• Lloyd Bruce

Musings: WiFi On WiFi Off, On Being Done and Keeping Faith, February 7, 2022

Yesterday was so frustrating. As I’d lent the computer out to one of the youth to work on their climate justice project I went in extra early to set up the system and make sure that everything was ready to go. I was sure I had everything set up correctly. And then I was drawn into a pastoral conversation that had me absent from the Seekers Group… well, you know where this is going…


Mid way through the live-stream, during the sermon, I noticed that Jennie was recording the sermon with her phone. It was all I could do to finish the sermon… but I did, and then she told be the feed was all choppy. I went to investigate… I’d forgotten to turn the WiFi off and as a result the connection from laptop to the desktop was sketchy and as a result, the feed going to Facebook was choppy. It was my fault. I’d overlooked one critical thing. One small toggle switch – and this on a Sunday when the sermon sought to lift up the value of online gatherings and the liturgy as a whole was seeking to support the idea that we are called to community, to the creation of life-giving community in creative and unconventional ways.


I was so discouraged. I did manage to send out an email with the text of the sermon and Jennie stopped me from deleting the whole video and edited it to include the parts that could be listened to…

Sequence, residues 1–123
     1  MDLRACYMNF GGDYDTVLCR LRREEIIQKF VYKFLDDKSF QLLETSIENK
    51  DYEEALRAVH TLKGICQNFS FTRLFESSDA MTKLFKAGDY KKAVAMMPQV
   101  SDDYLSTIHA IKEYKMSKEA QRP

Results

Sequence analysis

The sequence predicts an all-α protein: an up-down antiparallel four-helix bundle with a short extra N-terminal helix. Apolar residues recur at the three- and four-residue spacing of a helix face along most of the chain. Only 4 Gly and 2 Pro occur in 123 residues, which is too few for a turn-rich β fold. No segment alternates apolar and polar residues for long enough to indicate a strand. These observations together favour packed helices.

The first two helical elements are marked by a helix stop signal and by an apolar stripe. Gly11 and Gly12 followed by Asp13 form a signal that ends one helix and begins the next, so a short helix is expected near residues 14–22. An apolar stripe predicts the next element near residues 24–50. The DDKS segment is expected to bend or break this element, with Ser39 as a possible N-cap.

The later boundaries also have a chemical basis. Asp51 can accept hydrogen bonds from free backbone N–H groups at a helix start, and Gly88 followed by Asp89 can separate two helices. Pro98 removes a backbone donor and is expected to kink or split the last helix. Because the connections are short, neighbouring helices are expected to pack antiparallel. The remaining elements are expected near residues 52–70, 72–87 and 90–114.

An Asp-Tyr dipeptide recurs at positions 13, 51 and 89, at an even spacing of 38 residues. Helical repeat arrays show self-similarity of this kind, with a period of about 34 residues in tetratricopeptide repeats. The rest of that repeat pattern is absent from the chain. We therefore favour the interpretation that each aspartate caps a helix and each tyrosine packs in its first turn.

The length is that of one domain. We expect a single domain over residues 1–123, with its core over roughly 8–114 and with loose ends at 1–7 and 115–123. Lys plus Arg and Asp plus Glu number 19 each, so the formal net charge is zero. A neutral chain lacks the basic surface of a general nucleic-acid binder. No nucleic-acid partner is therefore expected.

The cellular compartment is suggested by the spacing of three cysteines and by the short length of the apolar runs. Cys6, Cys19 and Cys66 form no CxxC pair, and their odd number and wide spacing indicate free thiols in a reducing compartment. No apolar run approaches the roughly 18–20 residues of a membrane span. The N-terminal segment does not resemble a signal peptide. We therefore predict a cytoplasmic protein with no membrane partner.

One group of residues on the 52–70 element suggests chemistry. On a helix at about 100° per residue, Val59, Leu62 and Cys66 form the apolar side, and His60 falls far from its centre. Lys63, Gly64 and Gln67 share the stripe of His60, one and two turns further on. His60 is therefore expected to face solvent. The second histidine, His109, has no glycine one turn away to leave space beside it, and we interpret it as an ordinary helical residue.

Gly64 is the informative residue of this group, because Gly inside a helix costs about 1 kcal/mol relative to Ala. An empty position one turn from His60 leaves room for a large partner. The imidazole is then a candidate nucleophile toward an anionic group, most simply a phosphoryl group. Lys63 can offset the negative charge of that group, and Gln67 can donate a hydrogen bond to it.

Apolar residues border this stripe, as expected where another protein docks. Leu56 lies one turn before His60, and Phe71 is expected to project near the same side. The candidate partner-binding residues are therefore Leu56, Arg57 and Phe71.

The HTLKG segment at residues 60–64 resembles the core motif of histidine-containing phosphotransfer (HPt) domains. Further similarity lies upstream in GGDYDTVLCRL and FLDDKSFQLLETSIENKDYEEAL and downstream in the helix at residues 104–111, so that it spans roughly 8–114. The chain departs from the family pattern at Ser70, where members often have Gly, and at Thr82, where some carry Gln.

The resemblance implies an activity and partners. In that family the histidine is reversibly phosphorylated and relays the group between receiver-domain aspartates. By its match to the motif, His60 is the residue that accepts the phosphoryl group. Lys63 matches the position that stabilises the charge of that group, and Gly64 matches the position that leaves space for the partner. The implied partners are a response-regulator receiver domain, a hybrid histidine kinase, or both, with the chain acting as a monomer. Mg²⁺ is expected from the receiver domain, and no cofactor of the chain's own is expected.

I went home and took my frustrations out on the snowbank – using the snowblower to carve out space around the fire hydrant as we’ve been directed to do by the Fire Department – between three and four feet of snow - almost ice at the bottom – hoping and praying that they never need to access it!


Exhausted physically, mentally, and emotionally I opened my email and found a sermon that Nadia Bolz-Weber had preached that morning at Montview Presbyterian in Denver Colorado that seemed as if it was directed to me personally. Watch it here. The sermon begins at the 20 minute mark.


Here are some of the words that spoke to me:


You see, if, as the text says, he was cleaning his nets, he was done. He had practically already gotten home for the night and put on his sweatpants and poured himself a drink. He was DONE.


And - I imagine, he was exhausted. Exhausted by prolonged effort met only with failure. We’ve been fishing all night and caught nothing, he says to Jesus.


I’ve always focused on the abundant catch of fish part of this text, but this week I couldn't stop thinking about this part of the text. A part I never really noticed, but maybe that’s because I never preached this story as the world entered into the third year of a global pandemic.


See, I don't know about you, but I also am exhausted.


I’ve gone through all the same stages of this thing that you have. The initial creativity of lock down in March 2 years ago, the fun ZOOM happy hours with friends, the newfound love of baking. The comfort of wearing yoga pants all day. The inordinate amount of TV.


Then the growing social isolation. The malaise.